Previous research has identified significant unmet need for behavioral health care services for Black men who have sex with men (Black MSM); this challenge has been linked to poorer overall health and well-being. Health Resources and Services Administration (HRSA) funded a Special Projects of National Significance (SPNS) Initiative, Implementation of Evidence-Informed Behavioral Health Models to Improve HIV Health Outcomes for Black Men who have Sex with Men, with a goal to integrate behavioral health and clinical care services using four different evidence-informed models of care, ultimately improving HIV health outcomes. NORC at the University of Chicago conducted a multisite evaluation to assess the success of this Initiative, including a qualitative process evaluation that examined adaptations, services, integration activities, recruitment methods, and fidelity. The process evaluation described methods and processes used by demonstration sites to achieve their goals. This included challenges or barriers to implementation and the associated adaptations, notably due to the COVID-19 Public Health Emergency. Our study found key themes that indicated successful implementation were flexible service delivery, human connection, and client representation. We recommend future replicators apply these lessons learned in diverse health care and community settings that serve Black MSM. Additional information about the interventions can be found on TargetHIV.


Subject(s)
COVID-19 , HIV Infections , Sexual and Gender Minorities , African Americans , HIV Infections/epidemiology , HIV Infections/prevention & control , Homosexuality, Male , Humans , Male
13.
AIDS Patient Care STDS ; 36(S1): S36-S45, 2022 Oct.
Article in English | MEDLINE | ID: covidwho-2051207

ABSTRACT

The perspectives and contributions of frontline staff are critical to the success of integrated HIV and behavioral health services in the United States (US). In this analytic essay, we share five key priority areas from frontline staff at four diverse sites funded by the Health Resources and Services Administration to support the implementation of interventions to improve HIV and behavioral health outcomes among Black men who have sex with men (BMSM) living with HIV. The five main priorities focused on: (1) COVID-19 pandemic adaptations; (2) recruitment/enrollment; (3) retention; (4) frontline self-care; and (5) replication considerations. Projects had to be nimble and innovative in their delivery of services; leverage existing infrastructure; and they had to try multiple approaches to reach BMSM and modify/drop them as needed. Future implementers should expect to support frontline staff self-care given the added stress of working under COVID-19 pandemic conditions and in communities with limited and uncoordinated behavioral health services.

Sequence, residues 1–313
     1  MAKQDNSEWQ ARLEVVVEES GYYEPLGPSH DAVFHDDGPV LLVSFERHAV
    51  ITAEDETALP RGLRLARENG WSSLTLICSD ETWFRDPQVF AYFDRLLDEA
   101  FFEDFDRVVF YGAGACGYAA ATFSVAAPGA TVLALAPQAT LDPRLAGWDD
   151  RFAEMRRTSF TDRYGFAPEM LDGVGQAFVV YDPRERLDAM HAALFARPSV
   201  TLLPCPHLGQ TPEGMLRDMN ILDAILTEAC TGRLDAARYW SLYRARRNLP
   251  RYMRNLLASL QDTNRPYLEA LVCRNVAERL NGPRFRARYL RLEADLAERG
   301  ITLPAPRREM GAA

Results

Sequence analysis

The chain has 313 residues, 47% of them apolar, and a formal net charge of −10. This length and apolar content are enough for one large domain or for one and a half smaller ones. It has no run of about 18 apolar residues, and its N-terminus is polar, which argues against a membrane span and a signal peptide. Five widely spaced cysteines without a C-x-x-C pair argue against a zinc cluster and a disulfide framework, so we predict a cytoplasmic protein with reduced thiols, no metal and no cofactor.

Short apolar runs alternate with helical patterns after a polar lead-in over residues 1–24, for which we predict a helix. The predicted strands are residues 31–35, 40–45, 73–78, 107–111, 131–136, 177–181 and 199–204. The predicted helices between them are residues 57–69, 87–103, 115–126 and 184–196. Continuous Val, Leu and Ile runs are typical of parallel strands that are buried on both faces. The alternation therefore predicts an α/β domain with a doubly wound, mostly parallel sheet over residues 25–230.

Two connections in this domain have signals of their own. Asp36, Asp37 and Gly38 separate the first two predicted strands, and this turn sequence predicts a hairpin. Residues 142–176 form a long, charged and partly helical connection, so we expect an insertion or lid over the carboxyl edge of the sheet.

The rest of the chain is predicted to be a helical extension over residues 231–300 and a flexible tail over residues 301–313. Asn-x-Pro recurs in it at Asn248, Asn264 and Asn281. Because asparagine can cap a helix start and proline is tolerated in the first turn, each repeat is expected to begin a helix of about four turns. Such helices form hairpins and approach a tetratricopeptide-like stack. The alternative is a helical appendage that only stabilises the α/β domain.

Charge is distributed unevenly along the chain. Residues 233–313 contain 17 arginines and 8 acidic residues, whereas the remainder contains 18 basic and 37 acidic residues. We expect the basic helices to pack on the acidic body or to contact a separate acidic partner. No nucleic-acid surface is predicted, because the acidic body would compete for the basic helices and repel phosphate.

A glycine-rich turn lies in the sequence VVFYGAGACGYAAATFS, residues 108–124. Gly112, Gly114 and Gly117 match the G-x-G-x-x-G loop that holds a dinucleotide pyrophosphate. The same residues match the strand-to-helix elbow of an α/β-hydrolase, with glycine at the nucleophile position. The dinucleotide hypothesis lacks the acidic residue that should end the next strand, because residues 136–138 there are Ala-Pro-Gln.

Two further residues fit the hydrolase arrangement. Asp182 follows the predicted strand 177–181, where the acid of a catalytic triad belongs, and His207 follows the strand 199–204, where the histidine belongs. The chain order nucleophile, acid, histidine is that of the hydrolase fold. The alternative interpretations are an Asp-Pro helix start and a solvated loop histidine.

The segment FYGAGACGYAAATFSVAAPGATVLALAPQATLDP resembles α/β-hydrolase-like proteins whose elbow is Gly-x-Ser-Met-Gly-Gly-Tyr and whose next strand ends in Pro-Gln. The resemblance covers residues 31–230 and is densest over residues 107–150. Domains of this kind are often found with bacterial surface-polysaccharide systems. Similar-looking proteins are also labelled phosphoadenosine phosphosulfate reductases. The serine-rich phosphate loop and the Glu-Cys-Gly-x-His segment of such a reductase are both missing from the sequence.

Subject(s)
COVID-19 , HIV Infections , Sexual and Gender Minorities , COVID-19/epidemiology , COVID-19/therapy , HIV Infections/epidemiology , HIV Infections/therapy , Homosexuality, Male , Humans , Male , Pandemics , United States/epidemiology
14.
AIDS New Zealand ; 80(4), 2021.
Article in English | GIM | ID: covidwho-2044472

ABSTRACT

In 2020, 75% of all locally acquired HIV diagnoses will be among gay, bisexual, and other males who have sex with men, indicating that they will continue to be the group in New Zealand most at risk for contracting the virus. Since the peak in 2016 (n=97), the number of MSM reported to have contracted HIV in New Zealand has been declining, with the number in 2020 (n=49) being the lowest since 2011. This is probably because pre-exposure prophylaxis (PrEP) and more testing choices are being pushed and made available to this group as combination preventive treatments. Less transmission as a result of COVID-19 physical distancing measures and more restricted testing access will also have contributed to the drop in 2020. It will be crucial to keep an eye on these figures to see if the lower trend persists, as well as to keep up the preventative efforts of routine HIV testing and linking to care and treatment, investigating potential sexually transmitted diseases. In New Zealand in 2020, little over half (54%) of people with heterosexually acquired HIV had a CD4 count at the time of diagnosis that was less than 350 cells/mm3, which was a sign of a delayed diagnosis of their HIV. In addition, six of the 14 patients who received an AIDS diagnosis in 2020 were heterosexually acquired;four of them also received an HIV diagnosis at the same time. Therefore, even if there do not seem to be any obvious risk factors, doctors should test for HIV in patients with similar clinical symptoms. Through antenatal screening in 2020, three women who had recently been diagnosed with HIV were given the opportunity to choose their own medication and care, lowering the chance of mother-to-child transmission. The significance of the antenatal HIV screening program in preventing vertical and secondary transmission is further highlighted by this.